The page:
The Canadian Centre for Policy Alternatives (CCPA), through its Climate Justice Project (CJP), will develop an education strategy to share current research findings about climate change and inequality with schools and the broader public. Since 2009, the CJP has generated a body of research that explores such areas as transportation policy, food security, resource and forestry policy, employment and green jobs, energy policy and carbon pricing strategies in the BC context and through an equity lens. This research serves as building blocks of an integrated and equitable climate strategy, and a bold vision of how BC can move forward in a zero-emissions future. This project is an engagement and education strategy that will translate the CJP's findings and research into educational materials that can be used by teachers and schools, along with community groups and other popular education efforts, with a focus on curriculum resources and professional development for teachers. This project will enhance young peoples' understanding of salient issues around climate change and climate action.
$70,000.00
2012

Canadian Mental Health Association - Kelowna & District Branch

Connected by 25

Connected by 25 is an innovative, cross-sectoral project that addresses the needs of young people between the ages of 16 and 24 in the Central Okanagan vulnerable in their transition to adulthood. Feedback from young people and community stakeholders identified both the need and rationale for the project, and a CAI service innovation grant allowed a two year pilot of Connected by 25 to start in early 2012. The project builds capacity within the community to ensure that young people at risk of falling through the cracks in their transition to adulthood have access to the services they require. It further serves to build capacity in youth themselves by offering the relational, emotional, and material supports they need. The project incorporates a dedicated part-time community capacity coordinator, who works with community based organizations to enhance collaboration, and identify and address systemic barriers. Concurrently, a full-time youth navigator provides directs supports and assistance to navigate complex systems, build connections and achieve success in their lives.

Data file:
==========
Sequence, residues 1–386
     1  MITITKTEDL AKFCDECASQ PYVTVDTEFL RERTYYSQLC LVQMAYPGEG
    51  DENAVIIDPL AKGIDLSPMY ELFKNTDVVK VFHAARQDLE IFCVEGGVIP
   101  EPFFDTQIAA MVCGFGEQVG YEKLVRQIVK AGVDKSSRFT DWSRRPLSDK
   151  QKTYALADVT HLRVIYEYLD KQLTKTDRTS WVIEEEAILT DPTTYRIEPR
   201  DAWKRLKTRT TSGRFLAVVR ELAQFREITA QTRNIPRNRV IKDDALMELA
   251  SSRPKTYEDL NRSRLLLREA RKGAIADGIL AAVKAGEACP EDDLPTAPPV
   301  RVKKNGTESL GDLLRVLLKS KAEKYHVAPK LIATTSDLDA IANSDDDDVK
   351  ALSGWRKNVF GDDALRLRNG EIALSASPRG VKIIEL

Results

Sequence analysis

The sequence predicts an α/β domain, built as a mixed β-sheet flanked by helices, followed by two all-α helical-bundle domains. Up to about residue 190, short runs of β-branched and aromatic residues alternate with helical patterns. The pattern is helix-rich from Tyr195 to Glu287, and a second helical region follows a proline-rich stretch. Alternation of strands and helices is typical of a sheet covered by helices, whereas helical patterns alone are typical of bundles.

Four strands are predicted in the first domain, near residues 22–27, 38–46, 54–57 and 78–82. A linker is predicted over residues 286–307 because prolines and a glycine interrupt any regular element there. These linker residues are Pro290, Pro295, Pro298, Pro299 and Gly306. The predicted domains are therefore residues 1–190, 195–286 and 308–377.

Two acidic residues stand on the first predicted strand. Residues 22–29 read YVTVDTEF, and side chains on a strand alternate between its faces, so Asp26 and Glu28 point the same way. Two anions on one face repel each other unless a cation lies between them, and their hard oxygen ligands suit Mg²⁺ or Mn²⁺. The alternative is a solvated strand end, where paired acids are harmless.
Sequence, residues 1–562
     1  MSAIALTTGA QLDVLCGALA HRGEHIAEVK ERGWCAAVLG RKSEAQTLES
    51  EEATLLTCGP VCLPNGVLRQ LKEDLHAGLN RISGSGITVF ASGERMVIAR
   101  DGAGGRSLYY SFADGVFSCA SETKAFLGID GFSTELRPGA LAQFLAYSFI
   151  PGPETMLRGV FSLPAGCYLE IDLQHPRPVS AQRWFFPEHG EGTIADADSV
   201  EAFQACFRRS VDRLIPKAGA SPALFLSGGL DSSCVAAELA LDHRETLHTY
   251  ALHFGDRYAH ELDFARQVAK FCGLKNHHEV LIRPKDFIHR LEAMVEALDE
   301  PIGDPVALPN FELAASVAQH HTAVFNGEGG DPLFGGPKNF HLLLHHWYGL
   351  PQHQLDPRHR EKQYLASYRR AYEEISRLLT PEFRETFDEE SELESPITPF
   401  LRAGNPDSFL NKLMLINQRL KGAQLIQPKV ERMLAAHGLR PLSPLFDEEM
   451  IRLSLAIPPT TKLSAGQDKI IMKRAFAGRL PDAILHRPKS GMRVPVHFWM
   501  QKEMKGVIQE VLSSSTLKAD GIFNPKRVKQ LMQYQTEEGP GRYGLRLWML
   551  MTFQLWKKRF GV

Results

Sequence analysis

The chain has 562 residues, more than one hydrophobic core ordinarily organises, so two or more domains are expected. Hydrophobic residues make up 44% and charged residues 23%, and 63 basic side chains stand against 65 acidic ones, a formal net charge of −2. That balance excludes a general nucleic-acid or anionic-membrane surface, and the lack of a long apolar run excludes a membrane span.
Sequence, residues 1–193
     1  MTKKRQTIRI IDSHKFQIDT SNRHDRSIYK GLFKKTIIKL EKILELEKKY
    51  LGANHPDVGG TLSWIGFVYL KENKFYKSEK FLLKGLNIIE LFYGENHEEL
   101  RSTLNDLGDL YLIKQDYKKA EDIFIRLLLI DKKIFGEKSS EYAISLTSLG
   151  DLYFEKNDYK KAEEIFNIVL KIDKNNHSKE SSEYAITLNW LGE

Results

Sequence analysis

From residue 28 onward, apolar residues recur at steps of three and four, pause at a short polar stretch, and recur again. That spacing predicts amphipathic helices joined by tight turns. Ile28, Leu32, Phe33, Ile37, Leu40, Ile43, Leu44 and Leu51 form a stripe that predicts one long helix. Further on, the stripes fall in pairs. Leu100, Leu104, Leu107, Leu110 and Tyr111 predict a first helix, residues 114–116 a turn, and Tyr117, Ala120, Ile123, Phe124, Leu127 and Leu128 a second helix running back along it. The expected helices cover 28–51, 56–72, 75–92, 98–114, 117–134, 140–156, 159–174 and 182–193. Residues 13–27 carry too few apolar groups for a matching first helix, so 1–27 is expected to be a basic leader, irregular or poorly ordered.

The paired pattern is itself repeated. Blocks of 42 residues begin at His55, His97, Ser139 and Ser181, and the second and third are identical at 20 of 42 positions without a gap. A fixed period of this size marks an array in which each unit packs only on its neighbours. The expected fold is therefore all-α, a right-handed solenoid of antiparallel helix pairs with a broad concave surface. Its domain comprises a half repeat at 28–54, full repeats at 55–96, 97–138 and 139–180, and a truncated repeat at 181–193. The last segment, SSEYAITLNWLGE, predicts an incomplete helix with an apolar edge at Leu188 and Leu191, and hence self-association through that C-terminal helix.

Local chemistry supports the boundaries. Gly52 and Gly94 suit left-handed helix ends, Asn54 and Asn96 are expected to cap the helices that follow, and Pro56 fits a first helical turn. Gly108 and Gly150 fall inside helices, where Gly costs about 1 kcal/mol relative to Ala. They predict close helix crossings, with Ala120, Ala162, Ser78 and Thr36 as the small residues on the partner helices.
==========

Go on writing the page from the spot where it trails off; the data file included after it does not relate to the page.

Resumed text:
$80,000.00
2012

David Suzuki Foundation

Protecting the Peace: Enhancing Local Voices in the Greater Peace Break Region